this overturning of history, but not because of race, as in conventional Nazi doctrine: Only
the German can give new poetic voice to Being. Through their philosophers, their language,
their poets, the Germans alone stand as the decisive counterpoint to the Greeks at the first
inception of history; only they, he believes, can see metaphysics through to its bitter end and
find a way to express a new mode of thinking. This can only happen, though, if the German
people, the Volk, actually grasp this as their decisive historical task. For Heidegger, the Volk is
not to be defined racially but rather by its ability to take on this fateful burden and make itself
question-worthy, not as a what as in the racial conception of human being, but rather as a
who for whom the epochal questions of the age remain powerfully open by asking, Who
are we? and not answering right away with crude biological racism or half-baked folkhistory.
This also explains why Heidegger took on the role as head of his university: to lead a new
generation onto this path of ending one era and starting another. In the entries of 1933, we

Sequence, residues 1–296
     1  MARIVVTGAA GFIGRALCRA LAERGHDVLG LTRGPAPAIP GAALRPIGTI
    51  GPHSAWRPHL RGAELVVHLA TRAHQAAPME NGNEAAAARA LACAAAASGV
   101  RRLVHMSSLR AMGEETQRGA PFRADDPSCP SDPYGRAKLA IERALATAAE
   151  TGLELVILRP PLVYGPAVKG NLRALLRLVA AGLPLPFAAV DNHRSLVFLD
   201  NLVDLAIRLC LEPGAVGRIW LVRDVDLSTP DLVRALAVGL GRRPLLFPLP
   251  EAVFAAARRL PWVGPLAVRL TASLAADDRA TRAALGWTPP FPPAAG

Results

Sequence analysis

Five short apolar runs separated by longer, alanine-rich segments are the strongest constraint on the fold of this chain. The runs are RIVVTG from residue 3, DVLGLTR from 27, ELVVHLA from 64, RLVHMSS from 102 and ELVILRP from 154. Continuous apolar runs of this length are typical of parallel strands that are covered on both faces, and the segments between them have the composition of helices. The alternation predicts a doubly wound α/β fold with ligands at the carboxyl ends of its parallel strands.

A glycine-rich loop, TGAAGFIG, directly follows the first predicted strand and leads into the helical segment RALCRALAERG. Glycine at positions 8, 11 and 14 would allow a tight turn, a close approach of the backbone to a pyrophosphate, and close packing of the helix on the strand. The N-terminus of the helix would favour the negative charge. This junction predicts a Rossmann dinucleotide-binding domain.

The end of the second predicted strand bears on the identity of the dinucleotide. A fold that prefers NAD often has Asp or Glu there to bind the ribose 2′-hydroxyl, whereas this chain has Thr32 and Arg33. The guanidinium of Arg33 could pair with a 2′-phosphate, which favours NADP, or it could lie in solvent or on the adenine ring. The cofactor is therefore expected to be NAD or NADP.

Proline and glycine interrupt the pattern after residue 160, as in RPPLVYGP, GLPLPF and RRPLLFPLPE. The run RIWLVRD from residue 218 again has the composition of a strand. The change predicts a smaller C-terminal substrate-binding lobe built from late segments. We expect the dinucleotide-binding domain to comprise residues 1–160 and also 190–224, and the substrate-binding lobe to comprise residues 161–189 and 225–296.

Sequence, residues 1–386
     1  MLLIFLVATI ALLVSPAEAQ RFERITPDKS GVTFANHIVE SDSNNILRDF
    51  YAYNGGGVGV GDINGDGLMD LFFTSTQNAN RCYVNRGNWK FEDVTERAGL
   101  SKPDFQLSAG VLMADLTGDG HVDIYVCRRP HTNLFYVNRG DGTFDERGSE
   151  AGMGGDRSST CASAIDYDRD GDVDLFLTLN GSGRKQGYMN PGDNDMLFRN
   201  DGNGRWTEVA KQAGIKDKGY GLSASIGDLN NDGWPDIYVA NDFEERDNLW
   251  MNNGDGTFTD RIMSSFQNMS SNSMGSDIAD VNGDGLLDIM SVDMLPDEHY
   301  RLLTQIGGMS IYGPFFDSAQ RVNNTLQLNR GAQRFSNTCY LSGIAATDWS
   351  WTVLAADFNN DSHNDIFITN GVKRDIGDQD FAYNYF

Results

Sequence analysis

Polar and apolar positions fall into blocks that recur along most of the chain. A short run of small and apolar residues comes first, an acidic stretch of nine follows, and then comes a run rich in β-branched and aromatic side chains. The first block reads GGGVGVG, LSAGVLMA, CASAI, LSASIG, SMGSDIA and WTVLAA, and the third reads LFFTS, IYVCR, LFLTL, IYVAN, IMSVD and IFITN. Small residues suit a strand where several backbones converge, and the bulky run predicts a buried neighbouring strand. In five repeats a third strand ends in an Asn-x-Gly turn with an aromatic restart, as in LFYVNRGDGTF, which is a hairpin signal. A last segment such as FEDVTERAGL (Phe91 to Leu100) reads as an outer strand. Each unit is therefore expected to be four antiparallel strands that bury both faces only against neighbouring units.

feel his excitement: The university is dead; long live the future school of higher learning for
the education of the Germans to knowledge ; and: The great experience and gladness
that the Fhrer has awakened a new reality that gives our thinking the right road and its
strength for impact. But there is also doubt: National Socialism is not a complete and
eternal Truth fallen from heaven taken as such it will become an aberration and
buffoonery. He wants to rebuild the university from the ground up, to take nothing as a
[5]

[6]

[7]

[8]

[9]

[10]

given, to unite the faculty and students across the disciplines in a spirit of questioning that
seeds the ground for that other inception of history. He sees this task as requiring a hardness
and daring for radical change, but everywhere he finds resistance fromSpiebrgerei, a word
almost impossible to translate: it expresses such a depth of virulent contempt for the
cowardice, lack of imagination, and conformism of the many who pretend to be Nazi
revolutionaries that bourgeoisie or yuppiedom would not even scratch the surface of
Heideggers loathing. Is it any wonder, he asks in 1933, how Spiebrgerei rises up all
around, conceited half-culture, petty-bourgeois phony education how the inner
requirements of German socialism are not even recognized and therefore also not desired
[]?
The Notebooks demonstrate the intensity of Heideggers ambitions for the Nazi revolution in